Airbnb has entered into a tax agreement with the Missouri Department of Revenue that is expected to generate $1.1 million.
The short-term rental company announced the agreement Wednesday. Effective Feb. 1, Airbnb will collect the state sales tax from guests (about 4.2%) and remit those funds on behalf of the hosts.
They will also collect a variety of local taxes on all Airbnb bookings in Missouri.
Ben Breit with Airbnb Midwest said it will be a little more expensive for guests but added that it's "the right thing to do."
"This is going to result in a ton of new revenue for the state," Breit said.
The agreement with Missouri DOR only covers taxes assessed by the state. Cities or counties with their own separately assessed taxes must enter into their own agreement with Airbnb.
While Columbia was Missouri's fourth-largest home-sharing market last year, the city currently does not allow short-term rentals to be taxed. In November, the Convention and Visitors Bureau brought the issue before the city council and requested a change in the definitions of hotel and motel so a lodging tax could be collected on online home rentals.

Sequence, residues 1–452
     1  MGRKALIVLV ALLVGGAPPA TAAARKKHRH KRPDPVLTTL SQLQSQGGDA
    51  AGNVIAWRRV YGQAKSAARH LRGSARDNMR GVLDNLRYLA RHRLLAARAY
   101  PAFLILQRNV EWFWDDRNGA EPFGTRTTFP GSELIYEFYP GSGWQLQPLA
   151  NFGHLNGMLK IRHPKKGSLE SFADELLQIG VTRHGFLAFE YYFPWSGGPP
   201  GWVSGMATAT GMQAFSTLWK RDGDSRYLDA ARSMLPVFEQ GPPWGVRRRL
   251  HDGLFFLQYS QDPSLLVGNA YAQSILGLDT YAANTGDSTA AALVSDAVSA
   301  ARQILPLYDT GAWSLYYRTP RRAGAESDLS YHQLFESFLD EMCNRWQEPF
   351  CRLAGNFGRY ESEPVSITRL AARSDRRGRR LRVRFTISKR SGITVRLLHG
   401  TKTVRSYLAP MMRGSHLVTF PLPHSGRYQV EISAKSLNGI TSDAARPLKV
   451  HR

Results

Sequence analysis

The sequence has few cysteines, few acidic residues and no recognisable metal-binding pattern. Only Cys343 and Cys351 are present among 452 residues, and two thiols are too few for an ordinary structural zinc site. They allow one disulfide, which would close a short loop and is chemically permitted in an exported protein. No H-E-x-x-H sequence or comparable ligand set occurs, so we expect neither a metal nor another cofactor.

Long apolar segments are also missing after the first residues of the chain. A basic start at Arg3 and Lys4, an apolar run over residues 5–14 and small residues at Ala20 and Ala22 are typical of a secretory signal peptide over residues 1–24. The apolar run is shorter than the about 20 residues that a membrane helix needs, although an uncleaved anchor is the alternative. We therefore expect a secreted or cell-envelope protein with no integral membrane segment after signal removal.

"We are obviously getting revenue in other ways but taxes are a missed opportunity," Amy Schneider, Director of the Columbia Convention and Visitors Bureau said.
Columbia City Councilman Michael Trapp said they are now in the process of hearing from constituents. City officials have previously lamented Columbia's declining sales tax revenue.
"We certainly need the revenue," Trapp said, "So it's something that we should consider but we want to make sure that everything is reasonable and we listen to the people involved."
Breit said Airbnb wants the city of Columbia to benefit as much as possible from the growing short-term rental business.
"Changing that law and entering into a tax agreement will allow that to happen," he said.